Kelsen, the New Inverted Pyramid and the Classics of Constitutional Law
Main Article Content
The present study overhauls Hans Kelsen’s thesis of the traditional normative pyramid, in order to accommodate the most outstanding doctrinal contributions of the last century to it. For the purpose, the Essay proceeds as follows: (i) the shortcomings of the first version of the pyramid, found in Kelsen’s Pure Theory of Law and on Adolf Merkl’s contributions, are detected; (ii) new key concepts of the Aristotelian-Thomistic metaphysics are introduced, this will allow us to upgrade the theory of the staggered legal system; (iii) unity and order of the legal system are briefly analyzed; (iv) a staggered legal pyramid is redesigned, with a gradual reduction of the juridical space; and finally, (v) the theories of Kelsen, Merkl, and several of the most influential doctrinarians of law (e.g., Jhering, Radbruch, Rorty, Ross, Kelsen, Holmes, Hägerström, Olivecrona, Hart, MacCormick, Dworkin, among others) are tested, to see if their ideas fit in the new theory.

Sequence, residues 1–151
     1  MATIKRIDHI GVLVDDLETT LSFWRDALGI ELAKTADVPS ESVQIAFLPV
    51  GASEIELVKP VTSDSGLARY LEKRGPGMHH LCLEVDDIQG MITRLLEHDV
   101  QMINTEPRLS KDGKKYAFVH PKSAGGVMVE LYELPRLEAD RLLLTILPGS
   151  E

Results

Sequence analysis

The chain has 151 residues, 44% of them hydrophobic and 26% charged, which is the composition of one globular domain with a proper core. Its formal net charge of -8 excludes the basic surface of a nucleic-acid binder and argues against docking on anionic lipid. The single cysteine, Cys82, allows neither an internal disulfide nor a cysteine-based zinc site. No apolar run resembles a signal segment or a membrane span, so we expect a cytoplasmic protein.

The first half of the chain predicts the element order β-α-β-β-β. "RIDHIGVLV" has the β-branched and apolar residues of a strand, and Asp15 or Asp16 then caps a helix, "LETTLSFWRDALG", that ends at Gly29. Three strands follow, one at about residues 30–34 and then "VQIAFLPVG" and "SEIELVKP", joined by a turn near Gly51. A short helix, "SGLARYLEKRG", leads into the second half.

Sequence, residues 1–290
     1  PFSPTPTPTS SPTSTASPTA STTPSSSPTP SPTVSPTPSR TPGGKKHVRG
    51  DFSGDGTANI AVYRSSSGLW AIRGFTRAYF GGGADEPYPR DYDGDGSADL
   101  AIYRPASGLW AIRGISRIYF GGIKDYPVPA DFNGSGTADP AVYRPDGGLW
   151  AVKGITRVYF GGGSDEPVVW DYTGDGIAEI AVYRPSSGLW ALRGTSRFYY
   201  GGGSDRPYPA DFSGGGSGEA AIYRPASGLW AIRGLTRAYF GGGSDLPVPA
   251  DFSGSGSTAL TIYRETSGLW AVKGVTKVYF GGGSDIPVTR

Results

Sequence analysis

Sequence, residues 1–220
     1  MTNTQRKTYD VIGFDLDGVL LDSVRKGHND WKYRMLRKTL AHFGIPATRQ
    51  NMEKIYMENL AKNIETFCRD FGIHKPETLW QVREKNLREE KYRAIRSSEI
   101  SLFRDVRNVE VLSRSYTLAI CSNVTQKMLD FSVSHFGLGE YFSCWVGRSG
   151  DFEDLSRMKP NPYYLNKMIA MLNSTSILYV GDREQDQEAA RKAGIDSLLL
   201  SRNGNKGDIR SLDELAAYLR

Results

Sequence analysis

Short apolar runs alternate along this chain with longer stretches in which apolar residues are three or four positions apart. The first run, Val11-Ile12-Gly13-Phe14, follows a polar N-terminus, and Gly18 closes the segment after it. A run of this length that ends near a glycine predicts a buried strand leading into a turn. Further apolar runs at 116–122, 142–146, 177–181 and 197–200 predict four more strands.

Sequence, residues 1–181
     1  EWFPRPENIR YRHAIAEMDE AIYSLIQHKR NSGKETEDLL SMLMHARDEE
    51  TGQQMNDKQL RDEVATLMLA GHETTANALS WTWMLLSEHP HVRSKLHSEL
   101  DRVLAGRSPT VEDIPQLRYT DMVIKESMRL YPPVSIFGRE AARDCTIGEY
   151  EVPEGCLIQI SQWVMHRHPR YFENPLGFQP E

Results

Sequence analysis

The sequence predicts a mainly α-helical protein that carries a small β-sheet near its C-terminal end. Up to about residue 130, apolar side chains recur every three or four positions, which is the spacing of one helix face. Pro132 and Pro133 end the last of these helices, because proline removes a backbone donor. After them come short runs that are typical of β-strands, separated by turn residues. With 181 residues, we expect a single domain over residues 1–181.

This upgrade of the traditional theory arises from a significant shift in the philosophical basis. The first pyramid was elaborated by Kelsen and Merkl under the tenets of neoKantian metaphysics. On the other hand, the methodology and the basic ideas behind this study are those of the Aristotelian-Thomistic metaphysics. It moves from an idealistic metaphysics to a traditional realistic metaphysics, so neglected in recent centuries. The inverted pyramid theory, formulated here, is the product of many previous works. Many of them have been published in different international journals.